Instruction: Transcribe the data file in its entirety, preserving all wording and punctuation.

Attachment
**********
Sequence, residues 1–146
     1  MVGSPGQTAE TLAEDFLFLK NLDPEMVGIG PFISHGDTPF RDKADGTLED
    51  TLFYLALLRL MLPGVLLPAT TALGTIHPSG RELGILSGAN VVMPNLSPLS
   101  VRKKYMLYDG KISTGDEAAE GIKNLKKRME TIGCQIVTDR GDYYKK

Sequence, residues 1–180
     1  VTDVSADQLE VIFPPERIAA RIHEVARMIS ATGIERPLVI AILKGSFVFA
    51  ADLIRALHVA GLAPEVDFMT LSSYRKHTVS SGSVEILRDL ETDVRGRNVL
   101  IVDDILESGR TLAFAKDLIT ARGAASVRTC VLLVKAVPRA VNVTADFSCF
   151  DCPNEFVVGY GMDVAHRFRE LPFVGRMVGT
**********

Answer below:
Sequence, residues 1–146
     1  MVGSPGQTAE TLAEDFLFLK NLDPEMVGIG PFISHGDTPF RDKADGTLED
    51  TLFYLALLRL MLPGVLLPAT TALGTIHPSG RELGILSGAN VVMPNLSPLS
   101  VRKKYMLYDG KISTGDEAAE GIKNLKKRME TIGCQIVTDR GDYYKK

Sequence, residues 1–180
     1  VTDVSADQLE VIFPPERIAA RIHEVARMIS ATGIERPLVI AILKGSFVFA
    51  ADLIRALHVA GLAPEVDFMT LSSYRKHTVS SGSVEILRDL ETDVRGRNVL
   101  IVDDILESGR TLAFAKDLIT ARGAASVRTC VLLVKAVPRA VNVTADFSCF
   151  DCPNEFVVGY GMDVAHRFRE LPFVGRMVGT